Bronze artist Kristen Visbal gives a whole new meaning to the phrase, “take the bull by the horns,” with her 4-foot bronze sculpture of a defiant girl that was recently installed on Wall Street. Hands on hips, head cocked back confidently, she stares down the infamous Charging Bull sculpture.
The piece, which was installed between 4 a.m. and 6 a.m. the day before International Women’s Day, was commissioned by State Street Global Advisors as part of their quest to include more women on company boards. Titled Fearless Girl, the diminutive bronze statue already has its own Wikipedia page, and appears to be a hit with the New York crowds, which gathered around to take photos for Instagram and Twitter.
“What this girl represents is the present, but also the future,” Stephen Tisdalle, State Street’s chief marketing officer shared. “She’s not angry at the bull—she’s confident, she knows what she’s capable of, and she’s wanting the bull to take note.”
The cast bronze sculpture has permits for a month-long installation, though McCann, who assisted State Street with the project, is negotiating with the city for a more permanent stay.
For State Street, Fearless Girl is more than a piece of public art—she’s a call to arms. The money manager will be sending out letters to 3,500 companies, asking them to increase the number of female board members, and voting against companies who fail to take action. As a huge player in the index fund world, they have the clout to put pressure on the companies who would benefit from their investments.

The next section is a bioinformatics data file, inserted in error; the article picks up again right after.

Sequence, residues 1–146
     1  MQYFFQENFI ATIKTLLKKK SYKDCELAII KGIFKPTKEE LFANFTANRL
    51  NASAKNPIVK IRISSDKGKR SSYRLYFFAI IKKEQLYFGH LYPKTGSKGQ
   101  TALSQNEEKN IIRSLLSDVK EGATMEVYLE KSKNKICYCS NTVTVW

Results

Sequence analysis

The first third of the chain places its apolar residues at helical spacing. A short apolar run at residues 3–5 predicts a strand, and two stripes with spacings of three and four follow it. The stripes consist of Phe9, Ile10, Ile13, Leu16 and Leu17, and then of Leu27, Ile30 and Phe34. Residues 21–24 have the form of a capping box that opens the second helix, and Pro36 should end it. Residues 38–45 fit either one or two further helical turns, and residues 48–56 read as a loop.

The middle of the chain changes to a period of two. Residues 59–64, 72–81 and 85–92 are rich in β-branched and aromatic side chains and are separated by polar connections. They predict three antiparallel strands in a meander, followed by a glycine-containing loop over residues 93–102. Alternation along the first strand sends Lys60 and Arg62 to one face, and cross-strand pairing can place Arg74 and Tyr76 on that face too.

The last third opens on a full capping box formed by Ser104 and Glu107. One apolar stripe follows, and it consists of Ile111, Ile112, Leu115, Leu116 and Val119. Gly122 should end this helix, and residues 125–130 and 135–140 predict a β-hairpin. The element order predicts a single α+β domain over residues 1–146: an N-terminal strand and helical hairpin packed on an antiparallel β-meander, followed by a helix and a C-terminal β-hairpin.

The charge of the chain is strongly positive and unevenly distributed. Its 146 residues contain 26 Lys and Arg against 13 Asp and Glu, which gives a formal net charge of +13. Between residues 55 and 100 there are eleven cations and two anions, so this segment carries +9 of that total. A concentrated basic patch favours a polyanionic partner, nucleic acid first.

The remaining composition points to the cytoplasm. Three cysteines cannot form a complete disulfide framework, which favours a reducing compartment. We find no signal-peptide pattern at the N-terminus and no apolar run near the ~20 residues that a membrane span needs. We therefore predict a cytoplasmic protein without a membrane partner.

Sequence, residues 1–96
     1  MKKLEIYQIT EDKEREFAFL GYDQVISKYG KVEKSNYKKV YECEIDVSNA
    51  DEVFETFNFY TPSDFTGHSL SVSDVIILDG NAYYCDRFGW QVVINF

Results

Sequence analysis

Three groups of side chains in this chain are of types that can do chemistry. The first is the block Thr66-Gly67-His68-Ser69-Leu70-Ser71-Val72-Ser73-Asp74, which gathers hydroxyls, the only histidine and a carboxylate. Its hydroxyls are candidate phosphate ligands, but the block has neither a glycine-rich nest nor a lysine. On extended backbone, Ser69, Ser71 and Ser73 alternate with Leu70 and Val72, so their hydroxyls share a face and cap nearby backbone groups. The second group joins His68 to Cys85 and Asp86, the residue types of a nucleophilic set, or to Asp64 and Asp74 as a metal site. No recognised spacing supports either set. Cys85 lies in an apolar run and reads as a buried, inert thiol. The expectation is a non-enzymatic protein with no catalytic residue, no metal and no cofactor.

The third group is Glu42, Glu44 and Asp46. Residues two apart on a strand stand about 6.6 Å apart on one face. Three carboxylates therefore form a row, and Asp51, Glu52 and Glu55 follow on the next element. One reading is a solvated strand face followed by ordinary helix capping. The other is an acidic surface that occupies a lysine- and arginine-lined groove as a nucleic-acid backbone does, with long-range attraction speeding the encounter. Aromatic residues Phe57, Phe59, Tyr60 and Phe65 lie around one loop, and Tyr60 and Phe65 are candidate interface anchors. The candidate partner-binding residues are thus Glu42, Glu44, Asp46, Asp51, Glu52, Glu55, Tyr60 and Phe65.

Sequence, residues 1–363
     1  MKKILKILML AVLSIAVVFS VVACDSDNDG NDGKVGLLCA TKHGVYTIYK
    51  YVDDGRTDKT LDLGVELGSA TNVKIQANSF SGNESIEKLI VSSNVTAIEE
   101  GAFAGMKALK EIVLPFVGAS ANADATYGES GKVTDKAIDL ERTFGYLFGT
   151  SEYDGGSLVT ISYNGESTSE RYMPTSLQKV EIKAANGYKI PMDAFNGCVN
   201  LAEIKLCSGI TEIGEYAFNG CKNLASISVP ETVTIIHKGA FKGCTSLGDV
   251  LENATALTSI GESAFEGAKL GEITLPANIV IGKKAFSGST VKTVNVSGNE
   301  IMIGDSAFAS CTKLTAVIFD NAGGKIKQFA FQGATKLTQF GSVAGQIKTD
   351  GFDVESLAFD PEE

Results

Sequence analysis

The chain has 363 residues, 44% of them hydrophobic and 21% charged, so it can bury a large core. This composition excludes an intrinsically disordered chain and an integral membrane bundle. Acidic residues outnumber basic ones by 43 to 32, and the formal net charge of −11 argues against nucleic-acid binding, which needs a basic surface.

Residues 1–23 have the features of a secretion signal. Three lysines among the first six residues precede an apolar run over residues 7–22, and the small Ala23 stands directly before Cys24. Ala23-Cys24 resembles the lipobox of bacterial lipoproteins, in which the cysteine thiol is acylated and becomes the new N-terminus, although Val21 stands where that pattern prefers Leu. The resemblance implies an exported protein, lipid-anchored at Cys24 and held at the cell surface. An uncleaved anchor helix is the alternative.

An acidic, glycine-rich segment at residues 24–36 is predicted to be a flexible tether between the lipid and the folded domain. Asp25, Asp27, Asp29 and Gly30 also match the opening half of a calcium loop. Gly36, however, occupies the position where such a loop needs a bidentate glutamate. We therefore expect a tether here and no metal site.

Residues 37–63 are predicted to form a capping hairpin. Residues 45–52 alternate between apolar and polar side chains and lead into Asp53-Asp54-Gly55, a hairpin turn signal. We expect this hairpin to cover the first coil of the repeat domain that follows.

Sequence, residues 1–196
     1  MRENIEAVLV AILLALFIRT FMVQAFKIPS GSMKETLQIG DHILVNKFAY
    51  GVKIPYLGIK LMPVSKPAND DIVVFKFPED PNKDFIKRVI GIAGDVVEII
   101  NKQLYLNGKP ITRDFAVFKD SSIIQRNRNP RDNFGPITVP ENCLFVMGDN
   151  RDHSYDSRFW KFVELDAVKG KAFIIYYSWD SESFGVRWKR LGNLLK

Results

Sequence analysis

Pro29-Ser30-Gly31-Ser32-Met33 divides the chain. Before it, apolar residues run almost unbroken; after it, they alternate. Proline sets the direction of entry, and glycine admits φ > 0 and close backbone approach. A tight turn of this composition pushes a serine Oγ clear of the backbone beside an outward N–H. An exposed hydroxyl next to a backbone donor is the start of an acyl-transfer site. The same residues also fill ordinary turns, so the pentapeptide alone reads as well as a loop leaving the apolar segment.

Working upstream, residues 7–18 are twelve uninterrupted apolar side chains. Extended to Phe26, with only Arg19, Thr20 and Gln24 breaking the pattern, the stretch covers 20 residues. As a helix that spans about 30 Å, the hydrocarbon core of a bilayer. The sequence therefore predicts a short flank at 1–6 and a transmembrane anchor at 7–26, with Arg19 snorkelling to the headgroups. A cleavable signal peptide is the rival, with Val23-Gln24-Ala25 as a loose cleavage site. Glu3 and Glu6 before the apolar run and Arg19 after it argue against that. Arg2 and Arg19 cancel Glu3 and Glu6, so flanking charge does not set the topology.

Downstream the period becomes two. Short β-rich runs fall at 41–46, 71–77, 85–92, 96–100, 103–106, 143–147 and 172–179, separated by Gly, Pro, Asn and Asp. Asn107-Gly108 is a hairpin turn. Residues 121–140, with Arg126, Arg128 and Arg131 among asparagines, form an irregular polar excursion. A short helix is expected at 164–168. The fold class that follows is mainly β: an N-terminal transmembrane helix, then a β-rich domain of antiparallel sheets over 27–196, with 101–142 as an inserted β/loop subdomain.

More women in power isn’t just about equality, it also makes good business sense. An MSCI study suggested companies with strong female leadership saw a return on equity of 10.1% per year, versus 7.4% for those without women at the top. However, one-quarter of Russell 3000 companies don’t have a single woman on their board, and nearly 60% of boards are less than 15% women.
So who is this defiant, take charge little girl looking to change the way companies do business? Visbal shared that it was modeled on two girls—one the 7-year-old daughter of a friend and the other a 9-year-old Latina. “This is a piece of work all women of any age, shape, color or creed can relate to,” the artist revealed in a statement. “A work which reminds us today’s working woman is here to stay and has taken her place in the nation’s financial district.”